“The most important thing is to get my team to put together a really good team,” he explains. “I want to focus on my direct team and then let it cascade from there.” Looking forward, Al is planning to harness the business momentum generated from COVID-19 stay-at-home orders to promote a message he is passionate about: the benefit of the can.

“There are a lot of misconceptions out there,” he says, the presence of BPA, or Bisphenol A, being the most prevalent (something, he qualifies, that hasn’t been used in the production of cans in North America for years).

Can of beans

Al knows that, as a business built on beans, they are “never too far away from an inappropriate joke”. This sense of humor pervades its marketing strategy: most famously with its beloved Duke, the talking dog in the television commercials – one of the longest-running television campaigns in the country. On social media, the company’s Twitter feed is managed by the @goodbeanjokes account. “We’re very lighthearted,” he smiles. “We don’t take ourselves too seriously.”

“In fact, the can is the most sustainable package we have,” he explains. “It’s infinitely recyclable,” says Al, adding that not only are up to 70% of steel cans recycled, but more than 30% of the steel used in cans comes from recycled material.

“And, once sealed, you don’t need to add any preservatives. Whether it’s beans, vegetables or any other food product, you lock in the freshness immediately.” Rather than posing a danger, he affirms that the can offers quite the opposite.

“It’s the safest food container in the world, and the most affordable.” So deep is his belief that he says, “I really think if the can didn’t exist, we would invent it today.”

As awareness increases around the environmental impact of the country’s favorite products, Al feels it’s more important than ever that the true qualities are communicated, especially when the nutritional benefits of the bean are considered.

“Now people are buying the product, they need to feel good about it and understand that not only does it taste great, but it’s also versatile and sustainable,” he says. He appreciates he can’t spread this message alone, so he has reached out to other food processor and can packaging executives to create a pan-industry initiative.

“They’ve been receptive, as they feel the same as me about the benefits of the can. We’re not trying to demonize anything, but what we are trying to do is get people to think about the benefits of the can, because if you need affordable, safe and sustainable food packaging, it’s the best option.”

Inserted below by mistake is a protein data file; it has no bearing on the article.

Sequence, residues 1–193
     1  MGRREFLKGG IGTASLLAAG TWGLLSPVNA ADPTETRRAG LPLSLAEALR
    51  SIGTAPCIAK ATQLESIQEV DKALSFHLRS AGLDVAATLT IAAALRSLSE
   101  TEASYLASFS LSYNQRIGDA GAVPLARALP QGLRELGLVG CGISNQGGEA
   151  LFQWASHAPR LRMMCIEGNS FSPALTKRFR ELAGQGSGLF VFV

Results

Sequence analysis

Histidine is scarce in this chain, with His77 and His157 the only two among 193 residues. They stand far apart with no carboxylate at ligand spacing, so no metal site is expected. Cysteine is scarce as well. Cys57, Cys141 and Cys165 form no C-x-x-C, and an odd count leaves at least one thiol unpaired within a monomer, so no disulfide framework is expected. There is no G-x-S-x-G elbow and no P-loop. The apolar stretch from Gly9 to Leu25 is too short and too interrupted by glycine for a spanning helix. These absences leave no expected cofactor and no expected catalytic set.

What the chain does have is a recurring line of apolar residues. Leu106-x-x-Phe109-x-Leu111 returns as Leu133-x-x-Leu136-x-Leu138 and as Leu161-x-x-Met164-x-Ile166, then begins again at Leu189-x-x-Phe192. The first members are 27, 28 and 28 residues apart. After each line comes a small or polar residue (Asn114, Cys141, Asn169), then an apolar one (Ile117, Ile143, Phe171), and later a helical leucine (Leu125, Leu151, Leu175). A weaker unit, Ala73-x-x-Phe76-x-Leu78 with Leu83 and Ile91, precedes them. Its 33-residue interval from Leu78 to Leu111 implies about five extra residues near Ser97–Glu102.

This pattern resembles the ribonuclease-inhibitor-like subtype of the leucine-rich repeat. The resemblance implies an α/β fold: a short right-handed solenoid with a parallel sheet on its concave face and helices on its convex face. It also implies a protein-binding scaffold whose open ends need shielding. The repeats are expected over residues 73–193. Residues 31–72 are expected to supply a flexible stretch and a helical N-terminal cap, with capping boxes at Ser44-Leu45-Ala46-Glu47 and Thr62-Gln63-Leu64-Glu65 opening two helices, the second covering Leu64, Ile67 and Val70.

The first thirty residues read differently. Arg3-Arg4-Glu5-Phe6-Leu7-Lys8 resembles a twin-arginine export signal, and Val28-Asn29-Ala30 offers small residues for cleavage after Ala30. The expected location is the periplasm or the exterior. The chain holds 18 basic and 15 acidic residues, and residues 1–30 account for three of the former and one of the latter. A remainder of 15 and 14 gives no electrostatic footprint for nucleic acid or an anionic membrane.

The business remains very committed to the community, and he is aware of its contribution to the economy – both on a local and national level. “We provide a lot of jobs here,” Al says. More than employment, there are also supply partners, from farmers to can manufacturers and spice suppliers, and even landscaping and roofing companies.

Now people are buying the product, they need to feel good about it and understand that not only does it taste great, but it’s also versatile and sustainable.

“We believe that it’s our responsibility to be good citizens within the community. We provide stability to our suppliers, opportunity to our employees and service to our customers, as well as value to our consumers and shareholders. We try to live that model and so I do think we’re very important – a lot of people depend on us.”

He may not be willing to divulge the Secret Family Recipe that makes Bush Brothers’ baked beans the best in the market, but Al is open to sharing his thoughts on futureproofing the company.

“There will be someone to replace me, but I think if we keep true to who we are and what we stand for – our brand, our product and people – then we have a great chance of being here for another 100 years,” he reflects, turning to Irish philosopher Charles Handy for inspiration.

“He said that you had to be able to finance your future, have a place where people want to work and products that people want to buy. I think being able to do those three things simultaneously is a difficult thing to do, but I think if you have the right underlying model, you can live forever.”